Trade of the Day: Stocks and futures rally; yen and gold ease as safe havens are shunned; oil steady
Quote of the Day: “The negative-yield environment could remain for a number of years,” said Andrew Wilson, EMEA CEO and Global Head of Fixed Income, at Goldman Sachs Asset Management. “Institutional investors are adapting to the new reality by considering pushing out their duration, moving down the credit spectrum, giving up liquidity or taking on leverage, in order to generate positive returns. We anticipate a recession to be unlikely, but the negative rate environment is pushing up investors’ demand for those asset classes that can offer steady, fixed-income-like returns, but may be out of traditional comfort zones or require more homework and risk management. These include private credit, high-yield debt, emerging market debt, infrastructure and real estate.”
Number of the Day: $89 billion: Tesla Inc’s stock market value after it eclipsed the combined values of General Motors Co and Ford Motor Co. GM and Ford each delivered more than 2 million vehicles in the United States last year, compared with Tesla’s worldwide deliveries of 367,500 vehicles.
Tip of the Day: “Despite the lack of headlines, China may be starting to gradually loosen its monetary policy. It lowered its marginal lending rate by 5bps to 3.25% in early November, and this is now linked to the rate at which the People’s Bank of China lends to banks – the reference rate for the economy. This will be nowhere near as aggressive as previous easing cycles in 2009 and 2016 but could signal a shift towards looser policy as renminbi strength makes outflows less likely.” – Nick Wall, Fund Manager at Merian Global Investors.
Asian markets rallied on Thursday as investors loaded up on risk after the Middle East tensions cooled and following benign inflation data from China. US President Donald Trump sounded less belligerent in his speech following Iran’s retaliation on US bases in the Middle East. “The fact that we have this great military and equipment,” he said, “does not mean we have to use it. We do not want to use it. American strength, both military and economic, is the best deterrent.”
The MSCI Asia ex-Japan index was up 1.7% and Japan’s Nikkei 225 was 2.3% higher while the Australia’s S&P/ASX 200 rose 0.83%. Hong Kong’s benchmark the Hang Seng index rose 1.7% with technology, healthcare and consumer sectors boosting the benchmark.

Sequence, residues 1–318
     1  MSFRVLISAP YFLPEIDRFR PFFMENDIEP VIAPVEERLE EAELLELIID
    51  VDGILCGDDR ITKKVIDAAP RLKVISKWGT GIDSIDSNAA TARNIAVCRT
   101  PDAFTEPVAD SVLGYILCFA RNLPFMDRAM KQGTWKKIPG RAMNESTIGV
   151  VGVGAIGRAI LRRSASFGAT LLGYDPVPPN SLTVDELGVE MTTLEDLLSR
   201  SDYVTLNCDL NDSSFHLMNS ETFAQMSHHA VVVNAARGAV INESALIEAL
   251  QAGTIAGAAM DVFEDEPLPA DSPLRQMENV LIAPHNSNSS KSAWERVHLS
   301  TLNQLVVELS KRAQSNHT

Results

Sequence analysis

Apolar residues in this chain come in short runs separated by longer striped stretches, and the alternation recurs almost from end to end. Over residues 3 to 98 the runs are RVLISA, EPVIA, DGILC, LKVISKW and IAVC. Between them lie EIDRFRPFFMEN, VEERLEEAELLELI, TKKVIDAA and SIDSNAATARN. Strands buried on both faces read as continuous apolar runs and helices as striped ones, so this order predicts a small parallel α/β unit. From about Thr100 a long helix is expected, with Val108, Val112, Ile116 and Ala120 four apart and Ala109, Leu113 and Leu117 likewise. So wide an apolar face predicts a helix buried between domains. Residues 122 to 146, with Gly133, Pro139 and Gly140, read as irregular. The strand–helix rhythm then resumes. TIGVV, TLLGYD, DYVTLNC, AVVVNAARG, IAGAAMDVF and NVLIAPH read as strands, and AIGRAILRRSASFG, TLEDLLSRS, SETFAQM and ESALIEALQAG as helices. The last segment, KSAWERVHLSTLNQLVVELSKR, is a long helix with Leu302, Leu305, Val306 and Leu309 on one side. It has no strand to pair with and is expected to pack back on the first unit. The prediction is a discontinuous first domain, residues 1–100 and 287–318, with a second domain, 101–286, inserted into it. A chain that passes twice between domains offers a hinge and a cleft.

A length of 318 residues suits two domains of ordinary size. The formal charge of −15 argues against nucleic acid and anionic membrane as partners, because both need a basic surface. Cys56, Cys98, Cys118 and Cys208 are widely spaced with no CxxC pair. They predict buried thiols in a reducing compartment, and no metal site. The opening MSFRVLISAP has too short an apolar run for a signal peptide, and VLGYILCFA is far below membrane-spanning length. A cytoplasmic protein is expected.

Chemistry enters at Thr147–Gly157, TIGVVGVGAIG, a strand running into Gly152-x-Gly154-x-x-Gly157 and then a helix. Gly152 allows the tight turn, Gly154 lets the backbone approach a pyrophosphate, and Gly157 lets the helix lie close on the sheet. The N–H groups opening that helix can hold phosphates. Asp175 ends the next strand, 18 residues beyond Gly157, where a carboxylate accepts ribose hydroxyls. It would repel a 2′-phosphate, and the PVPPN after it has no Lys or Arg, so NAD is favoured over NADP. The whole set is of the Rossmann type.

Oil prices steadied after the overnight plunge which followed signs the United States and Iran were toning down their aggressive posturing.
“It looks like a well calculated move,” said Deepak Agarwal, senior adviser at Kuwait Investment Authority. “The three biggest oil produces are USA (12 million barrels/day), Russia (11) and Saudi (~10). Oil price rising by $10 means billions of dollars gained by these, without disrupting the world order.”
Agarwal added that the United States “needs the threat of Iran to ensure that the Gulf nations subscribe to its security umbrella and sustain its arms industry. By provoking Iran, it reinforces the threat as Iran retaliates. Now Iran and its allies like Syria, Lebanon and Jordan will buy arms from Russia to counter. Russia is happy counting rubles. Note the conspicuous silence of Russia. China faces a double whammy. Higher oil prices hurt, but if it gets into the conflict, USA will raise tariffs and its loses a $500 billion American market. Can’t afford that. So China is quiet too.”
China’s consumer price index rose 4.5% in December, slower than the 4.7% forecast by economists ahead of the data release by the National Bureau of Statistics on Thursday. The producer price index declined 0.5% from a year earlier versus a 1.4% drop in November. The market had expected a drop of 3%.
“Looking forward, it is possible for January CPI to “breach 5” as a result of the Lunar New Year (LNY) effect. Meanwhile, with a potential “de- escalation” of China-US trade friction, PPI may rebound and the upside for CPI may ease,” said CICC economists in a note after the data release.
Morgan Stanley economists said the recent increase of $10/barrel in the price of oil and the Lunar New Year effect could push up inflation further but since these were supply side drivers, the central bank would continue fiscal easing and keep monetary policy accommodative.
“In turn, PBoC will see through the sparkle-and-fade and maintain sufficient liquidity to facilitate government bond issuance,” Morgan Stanley said in a report.
More good news flowed from China as Beijing confirmed Vice-Premier Liu He is off to Washington next week to sign the phase one trade deal hammered out by China and the United States in November. The limited accord will pave the way for phase two talks and comes after a depressing year for China’s economy.